Abstract• This study is focused on identifying at risk populations for diet related disease through the analysis of census tract data, supermarket locations, and area hospital diagnostic (ICD-9) codes.• The project is about population, not food deserts. An individual can live in a food desert and still have access to healthy food choices (specifically, supermarkets) throughout the day by their travel habits and various modes of transportation.• Transportation options will be analyzed to evaluate their influence on the health and decisions made regarding food.
Objectives:• Identify a relationship between diet- related disease and location of supermarkets with respect to the population• Determine at-risk census tracts• Incorporate transit options into findings
Methodology• Create 3 classes of maps: – Disease Diagnosis – Transit Options – Supermarket Proximity to various transit options• Create three indices – Transportation (subway and car) – Supermarket proximity – Diet-Related Disease Diagnosis (total DRD rates) Combine indices into one Master Index to reveal relationships between location, mobility and health
2. Calculate 1. Create .8km 1. Obtain diagnosis Flow Chart population w/in 2. Join with Census Polygons with data from and outside Network Dataset tract table polygons infoshare.org 3. Convert to 4.Map according to 3. Calculate 4. Sum percentages per accessibility (not percentage of percentages of population w/ICD9 census tract lack of access) Mobility code relevant diagnosis Subway Index 5. Map according to Diagnosis Access Index Diet-Related 2.Convert to Disease 1. Obtain car data from census number of cars (from households Index with cars) Car 3. Calculate percentage of 4. Map according to car access per Access population w/car(one car per person) census tract Index 2.Calculate 1.Create .8km population w/in Polygons with and outside Network Dataset polygons Supermarket Master Index and Access Index final evaluation 3. Convert to 4.Map according to percentages per accessibility (not census tract lack of access)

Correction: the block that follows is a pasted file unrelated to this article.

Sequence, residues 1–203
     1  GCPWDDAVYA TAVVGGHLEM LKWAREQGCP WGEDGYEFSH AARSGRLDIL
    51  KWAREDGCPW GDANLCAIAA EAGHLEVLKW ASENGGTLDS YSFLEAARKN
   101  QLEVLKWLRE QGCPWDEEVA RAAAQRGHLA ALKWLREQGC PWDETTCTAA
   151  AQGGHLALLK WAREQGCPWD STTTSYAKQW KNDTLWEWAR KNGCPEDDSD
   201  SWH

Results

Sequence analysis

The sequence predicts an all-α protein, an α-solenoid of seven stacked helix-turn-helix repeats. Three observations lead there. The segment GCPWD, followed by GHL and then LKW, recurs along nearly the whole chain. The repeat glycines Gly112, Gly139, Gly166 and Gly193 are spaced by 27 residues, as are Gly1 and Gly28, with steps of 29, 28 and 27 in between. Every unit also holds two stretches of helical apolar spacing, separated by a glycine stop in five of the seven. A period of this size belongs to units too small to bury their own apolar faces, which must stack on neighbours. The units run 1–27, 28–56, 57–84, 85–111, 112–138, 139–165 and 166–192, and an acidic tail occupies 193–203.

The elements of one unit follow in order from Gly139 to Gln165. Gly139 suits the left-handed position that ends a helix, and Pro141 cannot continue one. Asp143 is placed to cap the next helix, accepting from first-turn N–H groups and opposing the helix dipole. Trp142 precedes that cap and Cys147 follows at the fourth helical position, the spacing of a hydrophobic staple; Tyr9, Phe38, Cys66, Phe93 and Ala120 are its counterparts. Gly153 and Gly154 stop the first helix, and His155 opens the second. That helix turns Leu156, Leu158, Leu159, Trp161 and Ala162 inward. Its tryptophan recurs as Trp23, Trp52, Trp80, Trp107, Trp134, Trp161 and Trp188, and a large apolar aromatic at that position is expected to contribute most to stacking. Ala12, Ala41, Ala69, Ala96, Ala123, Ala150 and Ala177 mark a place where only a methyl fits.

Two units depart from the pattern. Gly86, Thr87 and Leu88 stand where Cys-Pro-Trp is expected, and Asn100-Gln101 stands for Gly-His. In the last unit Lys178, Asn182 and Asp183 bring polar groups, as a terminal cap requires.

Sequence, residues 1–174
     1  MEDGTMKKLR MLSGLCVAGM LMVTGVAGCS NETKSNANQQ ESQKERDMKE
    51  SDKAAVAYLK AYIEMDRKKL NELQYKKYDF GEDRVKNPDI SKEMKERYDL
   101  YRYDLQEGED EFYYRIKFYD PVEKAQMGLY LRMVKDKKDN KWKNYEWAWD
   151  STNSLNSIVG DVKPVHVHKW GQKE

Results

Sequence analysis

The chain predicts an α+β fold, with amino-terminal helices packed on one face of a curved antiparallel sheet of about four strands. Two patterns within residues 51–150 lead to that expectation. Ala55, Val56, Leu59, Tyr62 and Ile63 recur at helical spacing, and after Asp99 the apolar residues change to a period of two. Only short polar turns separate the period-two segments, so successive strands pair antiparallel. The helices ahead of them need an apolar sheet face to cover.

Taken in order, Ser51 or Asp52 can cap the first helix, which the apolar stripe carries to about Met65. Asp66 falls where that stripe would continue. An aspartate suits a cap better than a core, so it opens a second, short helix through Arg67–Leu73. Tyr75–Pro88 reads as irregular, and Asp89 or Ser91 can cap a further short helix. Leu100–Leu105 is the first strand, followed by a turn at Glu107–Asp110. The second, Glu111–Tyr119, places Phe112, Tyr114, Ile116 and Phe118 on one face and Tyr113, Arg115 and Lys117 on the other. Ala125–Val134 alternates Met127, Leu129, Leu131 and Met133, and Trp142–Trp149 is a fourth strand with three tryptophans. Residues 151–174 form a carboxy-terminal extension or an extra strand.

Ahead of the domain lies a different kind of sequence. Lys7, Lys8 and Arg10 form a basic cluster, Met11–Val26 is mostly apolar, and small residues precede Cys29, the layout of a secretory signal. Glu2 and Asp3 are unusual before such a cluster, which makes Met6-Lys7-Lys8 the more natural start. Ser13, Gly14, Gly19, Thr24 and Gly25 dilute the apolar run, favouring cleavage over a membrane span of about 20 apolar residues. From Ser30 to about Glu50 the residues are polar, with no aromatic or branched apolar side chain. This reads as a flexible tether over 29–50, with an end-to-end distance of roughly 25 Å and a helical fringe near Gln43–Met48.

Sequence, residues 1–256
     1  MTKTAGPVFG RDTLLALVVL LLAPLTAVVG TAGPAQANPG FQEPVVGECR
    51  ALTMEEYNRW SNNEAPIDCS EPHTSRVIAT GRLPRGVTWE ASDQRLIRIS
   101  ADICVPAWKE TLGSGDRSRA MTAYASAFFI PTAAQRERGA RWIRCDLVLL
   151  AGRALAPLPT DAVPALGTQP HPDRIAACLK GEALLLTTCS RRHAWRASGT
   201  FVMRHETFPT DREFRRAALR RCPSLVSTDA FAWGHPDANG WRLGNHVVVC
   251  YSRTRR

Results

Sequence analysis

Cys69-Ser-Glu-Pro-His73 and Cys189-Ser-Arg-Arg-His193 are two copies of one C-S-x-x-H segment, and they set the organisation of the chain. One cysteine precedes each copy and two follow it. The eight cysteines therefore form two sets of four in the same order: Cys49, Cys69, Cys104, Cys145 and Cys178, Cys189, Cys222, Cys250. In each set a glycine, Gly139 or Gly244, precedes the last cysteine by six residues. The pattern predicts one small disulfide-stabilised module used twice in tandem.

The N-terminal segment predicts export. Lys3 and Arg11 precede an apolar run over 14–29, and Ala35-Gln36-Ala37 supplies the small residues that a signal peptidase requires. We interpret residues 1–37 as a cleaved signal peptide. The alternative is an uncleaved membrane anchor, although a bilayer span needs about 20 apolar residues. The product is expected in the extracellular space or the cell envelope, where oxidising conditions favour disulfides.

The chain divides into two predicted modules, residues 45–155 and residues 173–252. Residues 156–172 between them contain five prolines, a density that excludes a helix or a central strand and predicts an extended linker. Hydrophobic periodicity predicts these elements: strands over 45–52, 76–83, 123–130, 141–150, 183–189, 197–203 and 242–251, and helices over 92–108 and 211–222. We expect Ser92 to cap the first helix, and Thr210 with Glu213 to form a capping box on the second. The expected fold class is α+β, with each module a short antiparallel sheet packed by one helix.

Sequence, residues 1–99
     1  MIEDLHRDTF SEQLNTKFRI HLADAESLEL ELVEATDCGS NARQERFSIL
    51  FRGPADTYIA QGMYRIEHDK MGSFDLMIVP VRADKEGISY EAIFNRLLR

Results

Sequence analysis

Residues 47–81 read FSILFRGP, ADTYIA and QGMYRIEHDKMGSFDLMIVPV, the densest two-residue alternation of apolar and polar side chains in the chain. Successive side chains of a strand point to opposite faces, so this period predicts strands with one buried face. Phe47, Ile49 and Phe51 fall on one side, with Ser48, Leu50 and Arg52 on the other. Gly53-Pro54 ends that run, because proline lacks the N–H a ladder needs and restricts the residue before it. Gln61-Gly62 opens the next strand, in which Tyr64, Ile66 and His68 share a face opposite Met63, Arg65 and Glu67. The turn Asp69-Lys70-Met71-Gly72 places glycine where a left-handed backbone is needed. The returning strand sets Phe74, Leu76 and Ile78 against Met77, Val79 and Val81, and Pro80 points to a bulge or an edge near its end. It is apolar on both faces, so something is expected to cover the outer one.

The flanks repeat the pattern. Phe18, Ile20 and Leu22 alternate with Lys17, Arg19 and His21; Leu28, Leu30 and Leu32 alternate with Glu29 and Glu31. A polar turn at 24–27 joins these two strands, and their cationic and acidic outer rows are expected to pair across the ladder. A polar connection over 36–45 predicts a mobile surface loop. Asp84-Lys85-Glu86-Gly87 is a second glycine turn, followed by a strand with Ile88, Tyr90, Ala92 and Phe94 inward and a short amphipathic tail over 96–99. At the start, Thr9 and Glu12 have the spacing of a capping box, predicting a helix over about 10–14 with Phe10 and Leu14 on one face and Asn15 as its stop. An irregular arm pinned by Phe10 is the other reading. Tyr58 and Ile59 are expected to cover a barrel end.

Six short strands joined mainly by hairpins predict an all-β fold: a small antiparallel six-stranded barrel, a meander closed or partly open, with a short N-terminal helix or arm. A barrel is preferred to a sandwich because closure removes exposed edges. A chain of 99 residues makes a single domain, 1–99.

Diet-Related Disease Rates Index µData Source: www.infoshare.org
Afterthought: Comparing Diagnosis and Food/Mobility to get a perspective on the accuracy of my method
References and DatasetsCensus tract, water, population, car ownership data and shapefiles obtained from:• US Census Bureau. (2008). 2008 tiger/line® shapefiles for: New York. Retrieved from http://www2.census.gov/cgi-bin/shapefiles/state-files?state=36Diet-Related Disease Diagnosis data obtained from:• Hospital sparks/icd-9 code data for the Bronx, NY. (2012, February 1). Retrieved from http://www.infoshare.orgSubway station point, subway line, bus station, and bus line data sets obtained from:• New York City MTA. (2012, February 1). MTA Developers Resources. Retrieved from http://www.mta.info/developers/download.html• Romalewski, S. (2010, July 8). MTA GIS data update. Retrieved from http://spatialityblog.com/2010/07/08/mta-gis-data-update/Supermarket location data obtained from: GoogleEarth query (2012)